There's still a lot of work to be done, but I highly recommend setting aside a few hours to create a comprehensive budget. Not a rough one or a half-finished attempt, but a well-researched budget that you can actually refer to — even if it's just for the sake of looking at it. I think you'll be surprised by how much it can shift your mindset.
Anyone seeking additional advice on how to start a budget should check out Narcity's interview with Natasha Macmillan, the Director of Everyday Banking at Ratehub.ca, which offers beginners a step-by-step guideline on how to start budgeting.
I never move, but if I have to, I'm timing it right
Since moving to Toronto in 2014, I've witnessed everything from rental rates to the cost of transit steadily rise year after year. It has reached a point where every time I pay my current rent, I lament the $525 I used to pay in the city's west end back in 2017.
Examining that data is painful. After all, I could still be living in my previous affordable place. I chose to move because I could afford it, not because I had to, and that decision significantly reduced the amount I could save each month.
But what exactly has caused these prices to skyrocket in recent years? During our conversation, Chen explained that the root of the issue boils down to an overwhelming demand for real estate and a lack of supply.
"There are a few factors as to why rent in Canada is so high and growing so much. One is that the national vacancy rate for rentals is less than 2% because demand in Canada has continued to outpace the available supply," Chen explained.
"With mortgage rates being so high and the economy being so uncertain right now, many people are priced out of the ownership market. So, many are opting to stay in the rental market for longer instead of buying, which continues to create more renters and more competition. Looking ahead, until there is more supply built, rent will continue to climb," she added.
Since I don't plan to reside in my current apartment for another three years, I figured it would be wise to seek some tips from Chen on how to save money during the moving process — and, as it turns out, it's all about timing.
"Summer and fall are the hot moving seasons, that's typically when demand and competition is at its highest of the year," Chen said before adding that renters could be in for some relief this winter which is where they're most likely to score "the best deals."
"Usually, during the winter months, buildings offer concessions so they can fill vacancies faster. Sometimes you can get a month or two of rent free if you move in the winter," she added.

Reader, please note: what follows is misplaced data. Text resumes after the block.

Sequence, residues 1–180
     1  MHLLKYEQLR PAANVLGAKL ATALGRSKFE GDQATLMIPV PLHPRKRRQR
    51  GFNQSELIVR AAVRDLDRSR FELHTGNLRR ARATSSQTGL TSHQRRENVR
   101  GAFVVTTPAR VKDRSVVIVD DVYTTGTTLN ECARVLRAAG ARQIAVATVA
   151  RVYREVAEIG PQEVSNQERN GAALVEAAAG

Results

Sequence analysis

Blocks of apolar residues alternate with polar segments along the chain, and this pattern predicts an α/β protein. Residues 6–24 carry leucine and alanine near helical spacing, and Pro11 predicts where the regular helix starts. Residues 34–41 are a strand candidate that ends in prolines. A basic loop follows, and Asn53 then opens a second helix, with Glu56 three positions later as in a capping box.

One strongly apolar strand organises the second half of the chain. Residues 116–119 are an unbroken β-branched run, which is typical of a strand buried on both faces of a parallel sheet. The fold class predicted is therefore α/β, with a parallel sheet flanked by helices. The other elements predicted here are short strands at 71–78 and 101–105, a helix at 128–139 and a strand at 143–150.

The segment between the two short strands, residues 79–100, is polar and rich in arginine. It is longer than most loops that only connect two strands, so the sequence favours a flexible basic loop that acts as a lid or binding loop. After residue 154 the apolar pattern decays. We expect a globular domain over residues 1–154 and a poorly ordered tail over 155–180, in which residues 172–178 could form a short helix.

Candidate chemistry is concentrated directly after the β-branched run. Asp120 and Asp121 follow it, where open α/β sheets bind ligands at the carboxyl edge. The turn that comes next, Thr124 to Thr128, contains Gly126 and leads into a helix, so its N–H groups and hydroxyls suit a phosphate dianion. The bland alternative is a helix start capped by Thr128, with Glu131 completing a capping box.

I calculate my fun
"Dinner and a movie" is one of the many classic date night ideas that will inevitably give you the money sweats in Toronto.
That's why my partner and I have become more deliberate about the kind of fun we choose to have these days. I decided to use the price point in Toronto as an example to illustrate our mindset.
Considering the current prices at Cineplex ($14.50 per adult ticket) and the cost of two meals, drinks, and an 18% tip at Hemingways, a bar near our go-to theatre, I would be shelling out $85.64 to treat her. And that's assuming she's satisfied with dinner and doesn't crave snacks (which rarely happens), so realistically, I'm looking at a $90 bill.
That's quite a sum for what should be a budget-friendly night out. If I wanted to take my partner to a nice restaurant and treat her to a VIP experience at Cineplex every other week, as I should, I would be spending over $100 per outing.
Even worse, if we wanted to indulge in something uniquely Toronto, like attending a Raptors or Maple Leafs game, we could end up forking over close to $1,000 just for tickets and food.
For these reasons and more, my partner and I create mental lists of every affordable bar and event we come across, turning them into our own traditions. It's our way of staying connected to city life without mindlessly succumbing to the exorbitant prices of an average night out, which, as I established earlier, are simply unaffordable right now.
Hopefully, this list has inspired you to tap into your creativity when it comes to spending in the city. Navigating through challenging economic times and thriving in an expensive urban environment like Toronto is no small feat.
But, with a touch of thoughtfulness, you can afford to live here even if the numbers tell you otherwise.